Rocca of Tentennano

How to reach

The Rocca of Tentennano crowns a rocky crag upon the medieval suburb of Rocca D'Orcia in the Val D'Orcia, province of Siena. It can be reached from the chief town following the SS2 'Cassia' turning to the right when finding the indications for Rocca D'Orcia/Castiglione D'Orcia.


The first document which testifies the existence of a settlement in this area dates as far as 853 AC. Three centuries later, middle of 12th century, Tentennano is in the possession of the Tignosi feudal family, who in 1207 granted a new statute called "Charta libertatis" to the population which, other than regulating the relationships with the community, acknowledged numerous rights. This act is of fundamental importance in Italian medieval history both for its contents and for the learned style (it starts with a reference to the Roman civil inheritance) and testifies the importance that this place had. Meanwhile, the city-state of Siena was increasing pressure until 1250-1258 when they enter in possession of this castle. Immediately work was carried out to fortify the area. The stones of the fortress were consolidated and a new tower was built to replace the old broken one. But the period of greatest glory had yet to come.

In 1274, together with other areas of the Val D'Orcia it was given to the Salimbeni feudal family. It was part of this powerful family's estate for all the 13th century until a deep feud began between Siena and the Salimbeni. The Tentennano (also called Tintinnano) fortress was chosen by the family to be their stronghold and here they tried to obtain the city's power.

first floor
second floor


The fighting ended on 22 September 1419 with the surrender of Cocco Salimbeni, the obstinate upstart of Siena who was exiled and deprived of his possessions. The fortress was once again under Senese control. It was to be used for military purposes for the last time in the middle of 16th century which saw the city-state of Siena annexed to that mightiest of Florence. On this occasion, as at the time of Salimbeni, it was conquered thanks to the treachery of some troops who opened the gates. Tentennano was never won by force and was occupied only after the surrender of its defenders. After this date the fortress was situated within the Tuscan Gran Duchy and, with the advent of the new fire arms, it lost its defensive function and was gradually abandoned.

The defensive system of Rocca D'Orcia with its Rocca of Tentennano consists of a series of walled enclosures, designed to benefit from the ruggedness of the environment, which had to be progressively overcome by eventual assailants. A first walled circuit (with large areas still well conserved today) enclosed the village of Rocca d'Orcia (which rises at a lower level) and joined it to the fortress. Going back to the entrance gate we can see the ruins of a gate which opened onto the second walled circuit that enclosed the area on which we are now standing. In this area, which is now covered by grass, there once were buildings, streets and squares. Little of this remains today apart from a few walls but the existence of these structures were documented until two centuries ago and perhaps a carefully studied excavation could give us even greater information. Arriving at the extreme north of the plateau we have a splendid view of the Orcia Valley. Going up the series of steps, we get to the mound on our left where we can see the ruins of the second walled circuit and another defense structure. The mound consists of a pentagonal area deprived of plants enclosed by a wall where we can still see traces of battlement and part of a rock outcrop of the hill. This area, used exclusively for military purpose, was reached by a gate of which no traces remains. A walled hollow is found at the center which may have been the powder magazine. From the little court of the mound a metal stairway, installed during the recent restoration parallel to the original ones which were cut out of the thick wall, allow us to reach the walk on the surrounding wall and to enter the tower. Originally there was a movable stair which could be pulled up in case of attack. The powerful large tower has a pentagonal form, two floors and is made enclosing the last outcrop of rock. This besides being an observation post also served as keep.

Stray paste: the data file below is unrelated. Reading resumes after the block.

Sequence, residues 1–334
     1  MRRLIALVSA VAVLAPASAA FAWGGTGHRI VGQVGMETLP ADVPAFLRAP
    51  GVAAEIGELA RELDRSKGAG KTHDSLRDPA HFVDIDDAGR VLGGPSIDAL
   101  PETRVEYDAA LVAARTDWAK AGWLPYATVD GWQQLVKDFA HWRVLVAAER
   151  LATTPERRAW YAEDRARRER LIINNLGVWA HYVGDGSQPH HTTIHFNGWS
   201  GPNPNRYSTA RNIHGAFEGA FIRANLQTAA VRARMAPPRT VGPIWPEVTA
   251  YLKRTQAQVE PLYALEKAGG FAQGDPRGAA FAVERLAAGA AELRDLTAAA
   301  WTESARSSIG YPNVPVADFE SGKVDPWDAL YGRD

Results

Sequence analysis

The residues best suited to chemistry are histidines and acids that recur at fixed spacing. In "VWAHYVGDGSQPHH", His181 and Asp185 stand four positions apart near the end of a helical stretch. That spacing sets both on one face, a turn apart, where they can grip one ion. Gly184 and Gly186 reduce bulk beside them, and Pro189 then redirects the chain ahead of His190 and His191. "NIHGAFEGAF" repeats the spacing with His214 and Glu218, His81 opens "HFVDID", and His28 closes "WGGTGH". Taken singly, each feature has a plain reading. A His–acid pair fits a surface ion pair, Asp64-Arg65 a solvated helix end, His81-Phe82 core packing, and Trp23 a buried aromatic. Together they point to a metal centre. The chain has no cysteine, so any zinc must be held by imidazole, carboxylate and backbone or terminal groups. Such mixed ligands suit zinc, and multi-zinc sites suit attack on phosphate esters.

Before entering the tower, we can admire the other arch openings and the beautiful limestone wall face of which the whole fortress is built. Passing through the arch-door and along a L-shaped corridor (whose narrowness was another obstacle to the besieger) we come to the first internal zone of trapezoidal form, where, about five meters above the court level, the rock appears. The zone is covered by a great barrel vault supported by a large arch in the center. There are three narrow loopholes cut out of the three meters thick walls. A metal stairway (the original was in stone with the final part in wood and removable) takes us to the upper area divided in two zones. The first zone of irregular shape is covered by a large barrel vault supported by two transversal arches and is illuminated by two windows cut out of the wall. A small corridor takes us to the other zone again covered by a vault. On the floor is the entrance to a huge cistern whose depth is lower than the level of the first floor (see section) which collects rainwater and provided water supply for the fortress. On the left wall an oven was cut out in the stone. Returning to the second room a metal stairway (originally in wood) through an opening of the vault allows us to get to the above terrace. A majestic view of the Orcia Valley, the Amiata Mountains and the surrounding area greets us.

After the tour of the fortress don't miss visiting the village of Rocca D'Orcia which has conserved the original medieval urban structure. Here you'll find a charming square with a central cistern, religious buildings and a small but rich country culture museum.